The Madsen LMG is of particular interest to me because it is both a very mechanically unusual design and also a very early successful design. Madsen light machine guns were first used in combat in the Russo-Japanese War, saw use in both World Wars, and continued to be used by various forces (the Brazilian police being a notable example) until quite recently. Mechanically, the Madsen is a falling block type of action, which allows it to use a very short receiver (since there is no need for space for a bolt to travel forward and backward). Today I figured we would spend time pulling apart a live registered Madsen (a dealer sample, unfortunately) to examine its working parts.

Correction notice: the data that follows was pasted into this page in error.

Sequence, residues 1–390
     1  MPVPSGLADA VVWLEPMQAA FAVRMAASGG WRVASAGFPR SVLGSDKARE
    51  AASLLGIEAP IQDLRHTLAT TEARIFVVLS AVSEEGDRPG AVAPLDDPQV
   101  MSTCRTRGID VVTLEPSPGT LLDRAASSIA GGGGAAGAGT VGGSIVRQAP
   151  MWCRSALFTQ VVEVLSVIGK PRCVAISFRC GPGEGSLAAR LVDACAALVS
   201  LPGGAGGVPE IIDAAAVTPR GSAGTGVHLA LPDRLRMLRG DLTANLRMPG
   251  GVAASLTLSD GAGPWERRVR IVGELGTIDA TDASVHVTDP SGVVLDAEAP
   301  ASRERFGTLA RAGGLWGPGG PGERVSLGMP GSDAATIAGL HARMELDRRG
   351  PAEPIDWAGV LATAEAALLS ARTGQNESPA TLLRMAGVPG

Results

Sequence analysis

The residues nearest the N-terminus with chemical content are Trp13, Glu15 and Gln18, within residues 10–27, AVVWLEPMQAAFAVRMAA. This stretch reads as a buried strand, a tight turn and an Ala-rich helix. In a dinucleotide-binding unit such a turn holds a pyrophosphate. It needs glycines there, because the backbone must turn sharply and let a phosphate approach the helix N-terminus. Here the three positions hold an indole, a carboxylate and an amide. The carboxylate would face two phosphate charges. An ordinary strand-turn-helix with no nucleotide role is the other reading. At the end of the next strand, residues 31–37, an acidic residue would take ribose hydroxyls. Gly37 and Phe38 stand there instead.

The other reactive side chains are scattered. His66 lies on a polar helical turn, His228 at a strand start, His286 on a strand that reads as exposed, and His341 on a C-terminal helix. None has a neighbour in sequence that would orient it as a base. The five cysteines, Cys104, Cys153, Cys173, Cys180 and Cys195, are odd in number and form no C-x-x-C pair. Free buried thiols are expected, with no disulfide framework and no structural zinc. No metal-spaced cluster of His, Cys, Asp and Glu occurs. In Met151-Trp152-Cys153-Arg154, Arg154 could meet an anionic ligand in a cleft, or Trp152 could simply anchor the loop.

It is often said that the 1907 Mondragon was the first self-loading rifle formally adopted by a military, but it turns out this is not quite accurate. In fact, the 1896 Madsen-Rasmussen rifle was produced […]
We have looked at a couple different Madsen light machine guns previously, but until today I have not had the chance to do any shooting with a fully automatic example of one. So I am […]
After losing out in the 1888 trials, Madsen and Rasmussen continued to refine their rifle. They reduced the overall length and weight, and replaced the feeding clip with a more modern enclosed magazine (although it […]